Interview with Interior Designer Kathleen Jennison

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Each month, we interview a Socialite Influencer, one of our members who has shown exceptional skill at marketing her business in the interior design, home staging, or workroom spaces. We cover the emotional, strategic, educational, and brand-based facets of running a business in the fast-paced home industry.

Meet Our Guest

What is your name?

Kathleen Jennison

What is the name of your business?

KTJ Design Co.

Where are you located?

Stockton, California

What services do you offer?

interior design, furniture boutique, remodeling

How long have you been working in the home industry?

9 years in my own business

A note from our Socialite Influencer of the Month:

Since 2009, Kathleen Jennison has shared her passion as a premier designer in the California Central Valley and East Bay Area. Working with award winning, certified interior designer, Kathleen means a host of benefits, ranging from access to exclusive trade resources and trusted vendor, manufacturer, and tradesmen connections, to the peace and security felt when working with a seasoned, experienced, and creative designer. 

The Emotional Side of Biz in the Home Industry

When you first started your business, how confident were you?

I got my interior design degree in 2011 and could not get a job because of the recession. Many seasoned designers were being laid off. Since my background is in business I thought, heck I can start a business.

It was not easy. First, there was very little information out there (no podcasts, FB groups, coaches back then) on how to run an interior design business. Even though I was an auditor for MANY large corporations and knew how businesses work, interior design is a beast of it's own.

I struggled with processes, contracts, resourcing, and marketing. I hired many different coaches in marketing, but none were tailored for our industry. I took what nuggets I could from those trainings (and spent an enormous amount of money for not a lot of return) and used them the best I could.

The best thing I did was join ASID, NARI, NKBA. These peer groups gave me a venue to ask lots of questions. Unfortunately, most were NOT forthcoming with help, but a select few helped me greatly and without that tribe I would not be where I am today.

What fears did you have as a new business owner in the home industry?

I was afraid my clients would think I was a fraud. The business part was a struggle (as above), but at the same time I had to learn a lot about interior design, sourcing, CAD, codes and so on. The only way to do this is with lots of experience and asking for help from your peers.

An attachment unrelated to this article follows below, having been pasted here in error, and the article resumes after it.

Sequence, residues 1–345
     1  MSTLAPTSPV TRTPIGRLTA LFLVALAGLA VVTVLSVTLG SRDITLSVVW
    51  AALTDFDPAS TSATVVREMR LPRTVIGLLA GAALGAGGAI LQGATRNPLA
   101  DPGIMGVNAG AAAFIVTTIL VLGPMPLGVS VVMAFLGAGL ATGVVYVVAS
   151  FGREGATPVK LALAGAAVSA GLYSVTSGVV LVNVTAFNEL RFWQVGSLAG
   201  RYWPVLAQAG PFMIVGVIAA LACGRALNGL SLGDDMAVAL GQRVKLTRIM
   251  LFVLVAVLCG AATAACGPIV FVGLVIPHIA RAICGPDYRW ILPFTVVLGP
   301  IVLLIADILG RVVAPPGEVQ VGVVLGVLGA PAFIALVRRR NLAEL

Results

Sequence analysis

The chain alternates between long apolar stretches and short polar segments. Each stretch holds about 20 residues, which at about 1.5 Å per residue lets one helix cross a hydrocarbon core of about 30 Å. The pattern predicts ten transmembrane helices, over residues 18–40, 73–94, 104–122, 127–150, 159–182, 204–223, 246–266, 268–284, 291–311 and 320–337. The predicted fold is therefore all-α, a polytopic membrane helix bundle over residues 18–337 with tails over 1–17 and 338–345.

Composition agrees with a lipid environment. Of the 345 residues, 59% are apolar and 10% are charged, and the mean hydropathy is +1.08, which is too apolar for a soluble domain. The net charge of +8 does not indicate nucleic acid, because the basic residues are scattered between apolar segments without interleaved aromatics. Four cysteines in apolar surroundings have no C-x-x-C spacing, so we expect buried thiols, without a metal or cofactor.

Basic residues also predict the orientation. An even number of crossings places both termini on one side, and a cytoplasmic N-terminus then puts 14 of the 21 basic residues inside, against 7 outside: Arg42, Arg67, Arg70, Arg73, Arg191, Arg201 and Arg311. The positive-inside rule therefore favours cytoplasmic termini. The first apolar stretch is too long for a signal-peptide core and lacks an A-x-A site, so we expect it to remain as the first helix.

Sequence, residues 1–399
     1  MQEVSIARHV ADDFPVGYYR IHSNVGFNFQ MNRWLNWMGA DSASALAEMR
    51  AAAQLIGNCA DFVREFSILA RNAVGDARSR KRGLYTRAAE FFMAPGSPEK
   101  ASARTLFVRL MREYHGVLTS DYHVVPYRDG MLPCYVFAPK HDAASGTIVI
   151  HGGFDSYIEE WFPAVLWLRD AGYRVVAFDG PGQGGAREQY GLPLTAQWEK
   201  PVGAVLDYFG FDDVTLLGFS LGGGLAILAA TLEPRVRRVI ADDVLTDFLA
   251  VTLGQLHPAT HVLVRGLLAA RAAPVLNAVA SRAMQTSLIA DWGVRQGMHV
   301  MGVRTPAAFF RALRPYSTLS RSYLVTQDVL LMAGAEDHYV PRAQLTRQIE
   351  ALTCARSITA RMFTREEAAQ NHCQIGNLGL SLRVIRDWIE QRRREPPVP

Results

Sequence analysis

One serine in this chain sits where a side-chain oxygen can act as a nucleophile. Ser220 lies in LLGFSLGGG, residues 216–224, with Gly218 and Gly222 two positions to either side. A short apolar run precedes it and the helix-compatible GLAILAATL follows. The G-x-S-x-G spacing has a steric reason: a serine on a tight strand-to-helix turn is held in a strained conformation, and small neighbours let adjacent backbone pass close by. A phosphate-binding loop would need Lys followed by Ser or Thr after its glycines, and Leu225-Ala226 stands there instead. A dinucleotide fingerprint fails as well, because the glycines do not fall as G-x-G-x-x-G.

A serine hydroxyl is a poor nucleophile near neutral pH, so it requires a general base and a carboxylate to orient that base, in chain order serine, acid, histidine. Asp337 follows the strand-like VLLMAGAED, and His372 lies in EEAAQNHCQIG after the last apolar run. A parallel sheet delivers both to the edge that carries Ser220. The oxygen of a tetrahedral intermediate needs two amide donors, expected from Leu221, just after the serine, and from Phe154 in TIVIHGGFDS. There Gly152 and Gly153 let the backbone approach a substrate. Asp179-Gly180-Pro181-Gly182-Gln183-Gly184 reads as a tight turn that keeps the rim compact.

What part of your experience or education helped you grow your business?

?The best experience I got was attending Las Vegas Market. I went the first time in 2010 and it was an eye opener. I went by myself and boldly marched into each showroom and told them I was new and asked how things worked. Some showrooms brushed me off, but some were happy to explain the ins and outs with me. I also made a lot of connections with peers and have formed long friendships with them. I don't understand how ANY designer can NOT attend a market. There are so many - High Point, Denver, Dallas, Chicago, New York. Go and learn. The second market I went to I made a point to attend each and every seminar. Learning about what's new and keeping up on trends is vital. 

How have you grown as a person since, and because of, starting your business?

I started interior design as therapy because of my injuries, so having to learn new things and meeting with new people, keeps my cognitive brain function strong. It is a struggle for me everyday, but when I see what I've accomplished I'm so amazed. Sure, I probably break down into a good cry once in a while and wonder why I'm doing this when clients are difficult, someone is mean, or something goes terribly wrong, but I've learn to let most of that roll off my back and can calmly resolve any issue. 

Advice for New Interior Designers, Stagers & Workrooms

If you could give yourself (and any other new business owners in the home industry) a piece of advice, what would you say?

I would suggest getting out and networking. Join industry groups, join community groups and get involved. Sitting tucked away behind your computer is not going to get you anywhere. And don't be afraid to ask questions. Sometimes I know I'll ask a contractor a question and think to myself "he'll probably think I'm dumb", but people like to tell you what they know and will generally spill their guts. I wish I could go back and tell myself to find a true interior design coach and not purchase every crazy webinar in hopes of a quick fix. I've wasted so much money on courses that didn't do a thing. I have purchased a few that are golden, but I should have been more selective.